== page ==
7. The apparatus of claim 1 wherein: said spindle has an elongated cylindrical core, and cover means surrounding said core, said fish line being wound on said cover means.
8. The apparatus of claim 7 wherein: said cover means comprises a tube located about said core, said tube having a longitudinal slit, and a plurality of hooks mounted on the core and extended through the longitudinal slit to accommodate fish line to facilitate the wrapping of the fish line about the tube.
9. The apparatus of claim 8 wherein: the tube is a closed cell polyurethane foam tube.
10. The apparatus of claim 7 wherein: said means rotatably mounting the spindle on the bracket means comprises a pair of axles joined to opposite ends of said core, said axles being rotatably mounted on said bracket means thereby rotatably mounting the spindle on said bracket means.
11. The apparatus of claim 10 including: crank means attached to one of said axles, said crank means being useable to manually rotate said spindle.
12. A fishing tackle holding apparatus including a fishing tackle box having at least one tray movable between an up position and a down position within the box comprising: an elongated spindle having opposite ends, bracket means for mounting the spindle outwardly and at a level lower than a tray of the tackle box whereby when the tray is in the down position the spindle is located within the box, axle means extending from the opposite ends of the spindle rotatably mounted on said bracket means whereby said spindle is rotatably mounted on said bracket means, and means to receive and hold at least one fish line on the spindle.
13. The apparatus of claim 12 wherein: the cylindrical spindle has an inner core and an outer cover means surrounding said core, said cover means having at least one circumferential groove to accommodate said at least one fish line.
14. The apparatus of claim 13 wherein: said cover means comprises a tube located about said core, said tube having a longitudinal slit, and a plurality of hooks mounted on the core and extended through the longitudinal slit to accommodate fish line to facilitate the wrapping of the fish line about the tube.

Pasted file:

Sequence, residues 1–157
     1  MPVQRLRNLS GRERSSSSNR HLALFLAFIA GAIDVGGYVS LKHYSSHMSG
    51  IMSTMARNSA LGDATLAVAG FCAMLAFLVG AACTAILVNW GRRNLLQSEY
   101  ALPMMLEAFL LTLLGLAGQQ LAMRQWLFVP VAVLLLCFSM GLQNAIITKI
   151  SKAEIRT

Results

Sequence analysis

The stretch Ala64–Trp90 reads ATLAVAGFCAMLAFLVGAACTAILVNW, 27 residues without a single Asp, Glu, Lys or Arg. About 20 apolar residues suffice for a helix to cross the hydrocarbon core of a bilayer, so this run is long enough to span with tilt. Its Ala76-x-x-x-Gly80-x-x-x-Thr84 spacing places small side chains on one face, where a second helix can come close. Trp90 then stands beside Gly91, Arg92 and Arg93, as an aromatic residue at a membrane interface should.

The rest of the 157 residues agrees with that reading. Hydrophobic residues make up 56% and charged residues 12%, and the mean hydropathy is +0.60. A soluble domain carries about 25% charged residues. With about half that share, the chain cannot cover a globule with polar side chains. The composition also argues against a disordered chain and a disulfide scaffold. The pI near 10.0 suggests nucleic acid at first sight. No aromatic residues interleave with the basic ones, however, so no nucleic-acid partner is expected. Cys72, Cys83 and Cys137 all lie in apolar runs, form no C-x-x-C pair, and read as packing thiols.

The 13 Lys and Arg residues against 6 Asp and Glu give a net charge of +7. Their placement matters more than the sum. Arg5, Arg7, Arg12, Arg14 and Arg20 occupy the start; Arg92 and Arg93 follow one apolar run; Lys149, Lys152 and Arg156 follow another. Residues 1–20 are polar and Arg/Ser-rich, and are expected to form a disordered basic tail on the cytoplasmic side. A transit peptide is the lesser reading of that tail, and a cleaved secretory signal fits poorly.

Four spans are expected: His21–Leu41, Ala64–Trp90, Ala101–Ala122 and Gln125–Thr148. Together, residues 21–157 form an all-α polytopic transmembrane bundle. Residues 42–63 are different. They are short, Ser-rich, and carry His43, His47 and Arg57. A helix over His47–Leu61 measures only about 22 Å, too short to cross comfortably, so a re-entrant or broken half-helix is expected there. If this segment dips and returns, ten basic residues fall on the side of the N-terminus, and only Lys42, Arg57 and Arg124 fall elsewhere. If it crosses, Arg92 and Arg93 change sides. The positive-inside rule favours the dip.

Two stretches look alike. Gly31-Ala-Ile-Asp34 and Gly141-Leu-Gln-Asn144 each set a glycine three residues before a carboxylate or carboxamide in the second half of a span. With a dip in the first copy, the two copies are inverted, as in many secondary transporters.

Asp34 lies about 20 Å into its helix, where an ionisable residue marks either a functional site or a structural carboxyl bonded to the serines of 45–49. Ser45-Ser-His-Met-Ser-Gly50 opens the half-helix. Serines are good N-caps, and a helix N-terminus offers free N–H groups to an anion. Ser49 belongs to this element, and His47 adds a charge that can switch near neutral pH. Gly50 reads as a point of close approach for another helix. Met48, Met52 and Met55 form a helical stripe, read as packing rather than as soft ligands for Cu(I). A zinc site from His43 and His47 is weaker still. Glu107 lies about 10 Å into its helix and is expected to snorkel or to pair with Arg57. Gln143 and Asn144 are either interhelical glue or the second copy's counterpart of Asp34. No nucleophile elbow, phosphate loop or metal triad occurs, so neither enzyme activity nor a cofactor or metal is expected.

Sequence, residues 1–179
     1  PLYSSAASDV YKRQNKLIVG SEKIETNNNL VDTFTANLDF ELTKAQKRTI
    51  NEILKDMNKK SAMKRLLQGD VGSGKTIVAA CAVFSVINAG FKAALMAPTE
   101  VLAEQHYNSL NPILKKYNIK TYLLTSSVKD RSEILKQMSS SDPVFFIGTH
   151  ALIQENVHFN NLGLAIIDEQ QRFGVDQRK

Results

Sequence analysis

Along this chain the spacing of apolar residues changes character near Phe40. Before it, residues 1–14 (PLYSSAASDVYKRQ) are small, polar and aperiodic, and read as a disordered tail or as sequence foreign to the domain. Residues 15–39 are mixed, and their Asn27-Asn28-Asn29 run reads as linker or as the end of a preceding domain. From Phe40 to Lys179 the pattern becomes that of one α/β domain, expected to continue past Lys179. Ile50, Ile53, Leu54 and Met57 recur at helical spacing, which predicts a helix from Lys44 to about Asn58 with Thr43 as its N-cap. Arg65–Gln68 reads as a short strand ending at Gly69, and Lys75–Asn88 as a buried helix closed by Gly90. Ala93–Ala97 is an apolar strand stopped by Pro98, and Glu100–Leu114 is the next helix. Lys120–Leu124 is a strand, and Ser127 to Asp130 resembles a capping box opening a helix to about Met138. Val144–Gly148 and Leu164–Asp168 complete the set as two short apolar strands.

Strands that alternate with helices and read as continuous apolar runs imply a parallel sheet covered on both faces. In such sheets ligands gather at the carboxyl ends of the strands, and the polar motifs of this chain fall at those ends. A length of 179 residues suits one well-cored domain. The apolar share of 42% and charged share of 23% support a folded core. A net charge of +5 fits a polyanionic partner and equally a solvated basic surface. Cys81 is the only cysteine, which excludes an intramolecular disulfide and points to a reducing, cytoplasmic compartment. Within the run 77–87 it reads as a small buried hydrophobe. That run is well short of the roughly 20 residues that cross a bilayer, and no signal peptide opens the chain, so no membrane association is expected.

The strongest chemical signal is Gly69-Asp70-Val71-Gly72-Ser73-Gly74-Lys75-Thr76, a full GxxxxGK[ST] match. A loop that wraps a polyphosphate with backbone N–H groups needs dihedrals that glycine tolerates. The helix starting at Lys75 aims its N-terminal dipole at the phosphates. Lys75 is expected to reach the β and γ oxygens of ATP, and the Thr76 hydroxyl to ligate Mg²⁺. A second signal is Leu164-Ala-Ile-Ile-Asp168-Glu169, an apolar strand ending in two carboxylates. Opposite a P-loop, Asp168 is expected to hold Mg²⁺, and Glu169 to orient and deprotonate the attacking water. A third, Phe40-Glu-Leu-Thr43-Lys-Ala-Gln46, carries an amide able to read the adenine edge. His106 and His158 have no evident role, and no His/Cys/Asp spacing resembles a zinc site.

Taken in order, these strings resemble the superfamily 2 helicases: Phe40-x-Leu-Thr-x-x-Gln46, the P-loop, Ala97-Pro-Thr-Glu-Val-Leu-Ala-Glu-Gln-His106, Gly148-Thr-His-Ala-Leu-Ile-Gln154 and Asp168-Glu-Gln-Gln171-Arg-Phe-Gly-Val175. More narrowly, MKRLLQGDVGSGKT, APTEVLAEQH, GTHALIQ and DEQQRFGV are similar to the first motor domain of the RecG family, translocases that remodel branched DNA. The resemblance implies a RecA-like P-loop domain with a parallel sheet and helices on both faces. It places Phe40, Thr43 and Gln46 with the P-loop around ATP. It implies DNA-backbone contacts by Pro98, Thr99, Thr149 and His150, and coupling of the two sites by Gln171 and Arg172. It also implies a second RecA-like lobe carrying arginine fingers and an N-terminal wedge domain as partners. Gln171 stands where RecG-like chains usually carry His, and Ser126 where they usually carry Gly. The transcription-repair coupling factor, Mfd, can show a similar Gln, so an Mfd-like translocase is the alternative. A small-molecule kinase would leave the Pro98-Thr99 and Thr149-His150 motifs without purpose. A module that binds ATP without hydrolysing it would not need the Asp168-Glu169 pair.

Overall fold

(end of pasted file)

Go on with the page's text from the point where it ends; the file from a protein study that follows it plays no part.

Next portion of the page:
15. The apparatus of claim 14 wherein: the tube is a closed cell polyurethane foam tube.
16. The apparatus of claim 12 including: crank means attached to one of said axle means, said crank means being useable to manually rotate said spindle.
17. The apparatus of claim 12 including: a plurality of hooks connected to said spindle adapted to hold fish line whereby rotation of said spindle will wrap the fish line about said spindle.
18. The apparatus of claim 17 including: crank means connected to said axle means useable to manually rotate said spindle.
19. The apparatus of claim 12 wherein: said spindle has an outer cylindrical surface, said surface having a plurality of outwardly open circumferential grooves to accommodate the fish line.
20. The apparatus of claim 12 wherein: said bracket means comprise a plurality of brackets, each bracket having a downwardly open clip, a downwardly and outwardly extended lower arm, and an upwardly open hook attached to the arm, said axle means for rotatably mounting the spindle on said bracket means being located in said hooks, said downwardly open clips being mounted on said tray.
Description
FIELD OF INVENTION

The invention relates to an apparatus for storing lines, such as fishing lines, leaders and hooks attached thereto in a conventional fishing tackle box or on the side of a boat.